Discover more from Vic's Verdict
Alarmism and Its Discontents
An Alternative Approach to Our Biggest Problems
As we march onwards in our brave new world of the internet and its interconnectedness, fascinating trends have emerged. Today we will discuss the ramifications of one of these trends and propose a better path. This trend is alarmism. Its tiresome ideas are frequently sewn and seem to have taken root among our youth:
“The world will be uninhabitable in 30 years due to climate change”
“Rising prices and stagnant wages mean most of the youth will never own property”
“None of us will have money for retirement because the government won’t be able to afford to pay out social security”
These are well-intentioned statements since they aim to raise awareness of significant problems and inspire positive change. Alarmist statements are also reasonable because they stem from taking an empirically factual trend and projecting it into the future.
There are two fundamental flaws within alarmist statements:
Despite being well-intentioned, they have a negative impact - especially on our impressionable youth
By projecting past trends into the future, you assume that the conditions of the future will match the conditions that created the past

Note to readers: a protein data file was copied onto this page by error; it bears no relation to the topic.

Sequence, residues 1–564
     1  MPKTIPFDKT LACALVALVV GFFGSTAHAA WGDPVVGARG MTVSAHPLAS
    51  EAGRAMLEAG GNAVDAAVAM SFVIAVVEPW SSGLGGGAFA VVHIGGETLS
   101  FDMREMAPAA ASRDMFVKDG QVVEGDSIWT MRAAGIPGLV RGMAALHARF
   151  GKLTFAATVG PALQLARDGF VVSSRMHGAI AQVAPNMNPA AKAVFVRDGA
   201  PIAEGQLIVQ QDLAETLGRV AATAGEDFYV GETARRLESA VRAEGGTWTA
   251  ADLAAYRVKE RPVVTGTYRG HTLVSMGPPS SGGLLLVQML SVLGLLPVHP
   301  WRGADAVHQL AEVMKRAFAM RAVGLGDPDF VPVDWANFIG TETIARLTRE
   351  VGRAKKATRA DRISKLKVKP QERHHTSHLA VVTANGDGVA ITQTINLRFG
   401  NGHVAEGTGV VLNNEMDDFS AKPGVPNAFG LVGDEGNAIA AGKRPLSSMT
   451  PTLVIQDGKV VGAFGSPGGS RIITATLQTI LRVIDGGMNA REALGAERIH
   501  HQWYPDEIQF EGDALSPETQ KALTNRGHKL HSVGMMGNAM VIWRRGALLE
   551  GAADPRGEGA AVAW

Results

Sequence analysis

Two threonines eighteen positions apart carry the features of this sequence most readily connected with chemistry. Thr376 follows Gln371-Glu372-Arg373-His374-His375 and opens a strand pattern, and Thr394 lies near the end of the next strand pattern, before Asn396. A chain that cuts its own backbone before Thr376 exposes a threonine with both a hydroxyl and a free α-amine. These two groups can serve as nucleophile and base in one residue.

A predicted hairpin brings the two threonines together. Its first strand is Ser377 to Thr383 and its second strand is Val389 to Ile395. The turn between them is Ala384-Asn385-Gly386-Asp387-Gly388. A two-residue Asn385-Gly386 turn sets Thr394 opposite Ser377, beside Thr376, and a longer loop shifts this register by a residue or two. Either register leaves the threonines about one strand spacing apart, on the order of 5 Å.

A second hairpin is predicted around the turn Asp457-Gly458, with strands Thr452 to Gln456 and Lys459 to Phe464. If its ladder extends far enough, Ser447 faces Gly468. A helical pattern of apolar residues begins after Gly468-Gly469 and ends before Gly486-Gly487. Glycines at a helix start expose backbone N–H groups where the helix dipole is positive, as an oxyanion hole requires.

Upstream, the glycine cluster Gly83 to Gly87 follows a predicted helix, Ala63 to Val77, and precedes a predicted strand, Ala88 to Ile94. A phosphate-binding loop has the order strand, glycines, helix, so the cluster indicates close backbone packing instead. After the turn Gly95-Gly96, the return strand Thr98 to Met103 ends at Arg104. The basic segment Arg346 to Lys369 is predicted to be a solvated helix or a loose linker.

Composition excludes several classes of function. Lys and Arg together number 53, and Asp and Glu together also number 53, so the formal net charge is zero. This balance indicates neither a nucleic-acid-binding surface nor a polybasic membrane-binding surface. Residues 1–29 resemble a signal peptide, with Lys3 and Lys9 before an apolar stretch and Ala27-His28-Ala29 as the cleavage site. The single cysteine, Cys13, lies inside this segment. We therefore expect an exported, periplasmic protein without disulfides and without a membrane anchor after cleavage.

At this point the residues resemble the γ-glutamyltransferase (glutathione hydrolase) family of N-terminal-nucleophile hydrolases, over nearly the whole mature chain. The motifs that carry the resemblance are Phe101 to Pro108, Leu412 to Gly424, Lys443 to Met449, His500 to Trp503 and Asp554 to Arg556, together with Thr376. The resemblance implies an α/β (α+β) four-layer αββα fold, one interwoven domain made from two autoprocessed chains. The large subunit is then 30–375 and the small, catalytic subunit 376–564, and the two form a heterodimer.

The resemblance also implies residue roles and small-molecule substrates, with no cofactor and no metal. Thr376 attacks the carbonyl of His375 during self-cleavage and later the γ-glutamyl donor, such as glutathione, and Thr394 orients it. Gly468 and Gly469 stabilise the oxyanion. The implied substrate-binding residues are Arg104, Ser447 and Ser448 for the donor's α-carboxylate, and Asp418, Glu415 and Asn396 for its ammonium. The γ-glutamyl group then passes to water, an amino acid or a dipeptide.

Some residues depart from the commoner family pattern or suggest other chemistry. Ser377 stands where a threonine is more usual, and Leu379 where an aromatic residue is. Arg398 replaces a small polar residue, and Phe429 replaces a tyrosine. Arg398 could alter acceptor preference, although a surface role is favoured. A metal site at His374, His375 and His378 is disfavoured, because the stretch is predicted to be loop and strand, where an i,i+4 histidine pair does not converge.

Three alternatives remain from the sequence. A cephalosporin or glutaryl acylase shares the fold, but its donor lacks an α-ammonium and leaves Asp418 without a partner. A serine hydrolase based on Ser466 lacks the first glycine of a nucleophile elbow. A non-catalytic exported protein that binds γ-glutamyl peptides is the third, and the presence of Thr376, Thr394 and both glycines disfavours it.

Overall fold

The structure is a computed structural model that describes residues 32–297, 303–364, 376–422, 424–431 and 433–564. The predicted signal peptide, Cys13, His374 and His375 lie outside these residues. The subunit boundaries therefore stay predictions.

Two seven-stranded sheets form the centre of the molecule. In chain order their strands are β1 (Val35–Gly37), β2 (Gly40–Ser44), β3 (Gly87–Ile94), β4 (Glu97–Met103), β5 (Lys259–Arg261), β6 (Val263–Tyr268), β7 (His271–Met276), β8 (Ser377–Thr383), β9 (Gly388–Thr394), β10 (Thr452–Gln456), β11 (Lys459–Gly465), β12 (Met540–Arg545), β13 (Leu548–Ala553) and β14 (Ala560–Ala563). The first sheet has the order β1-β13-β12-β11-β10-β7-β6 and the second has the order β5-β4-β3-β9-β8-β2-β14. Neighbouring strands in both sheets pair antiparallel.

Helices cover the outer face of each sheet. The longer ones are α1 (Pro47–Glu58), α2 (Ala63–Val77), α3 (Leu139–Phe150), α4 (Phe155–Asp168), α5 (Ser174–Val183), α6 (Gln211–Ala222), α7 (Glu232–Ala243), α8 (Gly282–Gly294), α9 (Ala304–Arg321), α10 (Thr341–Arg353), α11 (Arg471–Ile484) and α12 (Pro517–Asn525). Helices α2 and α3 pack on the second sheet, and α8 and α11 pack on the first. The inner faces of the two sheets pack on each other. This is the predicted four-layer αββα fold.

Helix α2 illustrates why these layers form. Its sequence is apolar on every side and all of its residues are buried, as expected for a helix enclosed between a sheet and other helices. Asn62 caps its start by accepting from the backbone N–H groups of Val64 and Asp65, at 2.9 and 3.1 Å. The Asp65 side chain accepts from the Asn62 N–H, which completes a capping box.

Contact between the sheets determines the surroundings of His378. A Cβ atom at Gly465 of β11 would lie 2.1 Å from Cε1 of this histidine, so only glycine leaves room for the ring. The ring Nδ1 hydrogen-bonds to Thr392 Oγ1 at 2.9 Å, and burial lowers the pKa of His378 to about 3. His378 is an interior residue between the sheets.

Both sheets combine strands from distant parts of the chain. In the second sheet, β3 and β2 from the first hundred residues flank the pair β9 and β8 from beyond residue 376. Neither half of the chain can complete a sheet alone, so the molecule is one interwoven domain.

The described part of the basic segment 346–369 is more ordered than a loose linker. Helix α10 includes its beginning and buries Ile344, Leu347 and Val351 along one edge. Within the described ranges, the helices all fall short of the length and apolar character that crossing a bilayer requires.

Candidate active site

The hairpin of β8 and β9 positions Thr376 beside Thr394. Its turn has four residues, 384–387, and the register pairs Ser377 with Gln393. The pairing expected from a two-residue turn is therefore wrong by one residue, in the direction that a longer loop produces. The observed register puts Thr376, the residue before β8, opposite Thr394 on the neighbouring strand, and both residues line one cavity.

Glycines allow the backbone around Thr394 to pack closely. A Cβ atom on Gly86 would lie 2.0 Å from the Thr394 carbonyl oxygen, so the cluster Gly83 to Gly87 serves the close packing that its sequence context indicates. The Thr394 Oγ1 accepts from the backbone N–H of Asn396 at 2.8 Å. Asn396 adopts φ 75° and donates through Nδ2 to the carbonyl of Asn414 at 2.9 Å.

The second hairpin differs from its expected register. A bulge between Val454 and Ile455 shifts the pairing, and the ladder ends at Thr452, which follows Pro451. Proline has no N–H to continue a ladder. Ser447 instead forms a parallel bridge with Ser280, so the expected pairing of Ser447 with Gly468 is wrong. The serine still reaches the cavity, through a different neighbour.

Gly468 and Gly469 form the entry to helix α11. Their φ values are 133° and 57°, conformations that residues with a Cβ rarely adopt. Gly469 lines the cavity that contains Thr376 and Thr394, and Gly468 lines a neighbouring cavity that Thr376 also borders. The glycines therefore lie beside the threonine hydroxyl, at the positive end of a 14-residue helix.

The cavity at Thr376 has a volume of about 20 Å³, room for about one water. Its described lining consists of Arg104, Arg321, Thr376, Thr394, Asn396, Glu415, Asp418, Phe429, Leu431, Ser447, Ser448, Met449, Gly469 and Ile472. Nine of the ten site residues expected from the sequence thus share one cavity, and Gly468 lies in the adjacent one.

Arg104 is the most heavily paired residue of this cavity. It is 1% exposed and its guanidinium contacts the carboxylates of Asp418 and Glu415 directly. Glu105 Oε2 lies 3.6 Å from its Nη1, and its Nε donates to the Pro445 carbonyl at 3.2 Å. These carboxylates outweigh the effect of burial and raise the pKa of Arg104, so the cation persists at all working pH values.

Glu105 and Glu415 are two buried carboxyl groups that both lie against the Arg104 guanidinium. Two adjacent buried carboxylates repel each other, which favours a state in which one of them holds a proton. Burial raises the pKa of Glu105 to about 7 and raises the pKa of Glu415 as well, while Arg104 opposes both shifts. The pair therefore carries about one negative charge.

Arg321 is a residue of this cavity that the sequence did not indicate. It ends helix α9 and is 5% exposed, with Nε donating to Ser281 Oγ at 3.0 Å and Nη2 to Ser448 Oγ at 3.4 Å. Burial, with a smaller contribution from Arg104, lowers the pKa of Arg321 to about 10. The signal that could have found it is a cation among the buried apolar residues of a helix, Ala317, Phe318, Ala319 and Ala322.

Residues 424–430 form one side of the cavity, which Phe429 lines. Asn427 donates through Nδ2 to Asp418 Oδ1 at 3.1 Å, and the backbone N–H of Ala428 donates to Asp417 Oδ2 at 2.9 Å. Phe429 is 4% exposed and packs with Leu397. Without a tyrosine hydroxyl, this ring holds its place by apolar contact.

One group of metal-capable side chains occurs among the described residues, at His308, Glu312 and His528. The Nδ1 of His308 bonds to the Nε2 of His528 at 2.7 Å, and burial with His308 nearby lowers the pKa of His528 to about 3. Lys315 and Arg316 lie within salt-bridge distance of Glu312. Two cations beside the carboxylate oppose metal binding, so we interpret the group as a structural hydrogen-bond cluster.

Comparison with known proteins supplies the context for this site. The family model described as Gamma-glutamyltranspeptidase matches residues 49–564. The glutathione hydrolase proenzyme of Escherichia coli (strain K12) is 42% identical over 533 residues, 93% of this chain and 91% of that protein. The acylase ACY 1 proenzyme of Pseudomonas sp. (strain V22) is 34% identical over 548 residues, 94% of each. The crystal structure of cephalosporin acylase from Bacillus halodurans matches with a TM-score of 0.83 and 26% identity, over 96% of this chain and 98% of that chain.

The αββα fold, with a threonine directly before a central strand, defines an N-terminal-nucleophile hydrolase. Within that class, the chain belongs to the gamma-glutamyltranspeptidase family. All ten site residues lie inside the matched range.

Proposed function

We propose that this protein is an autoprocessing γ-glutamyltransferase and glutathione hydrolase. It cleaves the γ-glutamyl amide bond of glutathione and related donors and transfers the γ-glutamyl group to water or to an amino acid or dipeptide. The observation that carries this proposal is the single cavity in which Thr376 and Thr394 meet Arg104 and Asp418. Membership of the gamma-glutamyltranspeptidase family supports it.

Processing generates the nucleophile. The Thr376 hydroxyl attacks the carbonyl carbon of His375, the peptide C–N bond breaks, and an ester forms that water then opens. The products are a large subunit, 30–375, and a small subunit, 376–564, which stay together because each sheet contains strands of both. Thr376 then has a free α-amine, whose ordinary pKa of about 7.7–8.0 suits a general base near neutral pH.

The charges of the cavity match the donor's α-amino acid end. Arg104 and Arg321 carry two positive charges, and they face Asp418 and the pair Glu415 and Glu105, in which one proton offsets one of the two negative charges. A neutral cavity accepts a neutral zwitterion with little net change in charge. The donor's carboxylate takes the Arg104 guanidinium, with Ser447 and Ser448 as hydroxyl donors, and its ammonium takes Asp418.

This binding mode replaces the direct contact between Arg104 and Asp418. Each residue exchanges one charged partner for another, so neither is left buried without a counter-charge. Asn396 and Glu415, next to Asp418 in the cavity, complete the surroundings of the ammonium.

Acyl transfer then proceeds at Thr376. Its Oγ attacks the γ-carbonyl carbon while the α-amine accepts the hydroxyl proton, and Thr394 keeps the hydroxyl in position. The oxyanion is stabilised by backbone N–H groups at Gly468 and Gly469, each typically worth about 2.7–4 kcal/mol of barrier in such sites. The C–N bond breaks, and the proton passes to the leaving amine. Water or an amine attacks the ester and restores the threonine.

We will start with the first point. Alarmist statements share concerning trends from highly complicated systems like the climate or the economy. Their goal is to convince their audience that something needs to change which is undoubtedly well-intentioned. However, in such complicated systems, any efforts towards reversing a trend requires a high tolerance for delayed gratification.
Let’s say you’ve incorporated an alarmist statement into your repertoire of beliefs. To see results from your actions on a global trend would require a near-lifetime commitment to this problem: changes to lifestyle, acquisition of influence over others’ opinions, and substantial donations towards benevolent causes. You could even commit your entire life to such a goal and never see a payoff on your efforts, requiring you to delay gratification beyond your death. Such a life of delayed gratification beyond death is the ultimate form of selflessness, as we’ll discuss later, but it is naïve to think that this is a viable life path for the average person. Not all of us are Mother Teresas willing to devote our lives to the greater good.
The average person has a preference for instant gratification, especially our impulsive youth. Just look at personal savings and obesity rates as evidence. The average person that internalizes alarmist sentiment would attempt to make changes to their lifestyle, continue to monitor such trends, and eventually give in because they don’t receive the gratification associated with witnessing progress. This is why so many people don’t stick with diet or exercise regiments: because they don’t see consistent progress despite consistent effort - there must be a high tolerance for delayed gratification. Many that are inundated with alarmist beliefs begin to feel that the situation is hopeless, no matter what they do. Their belief of alarmist sentiment would eventually become a belief in nihilism.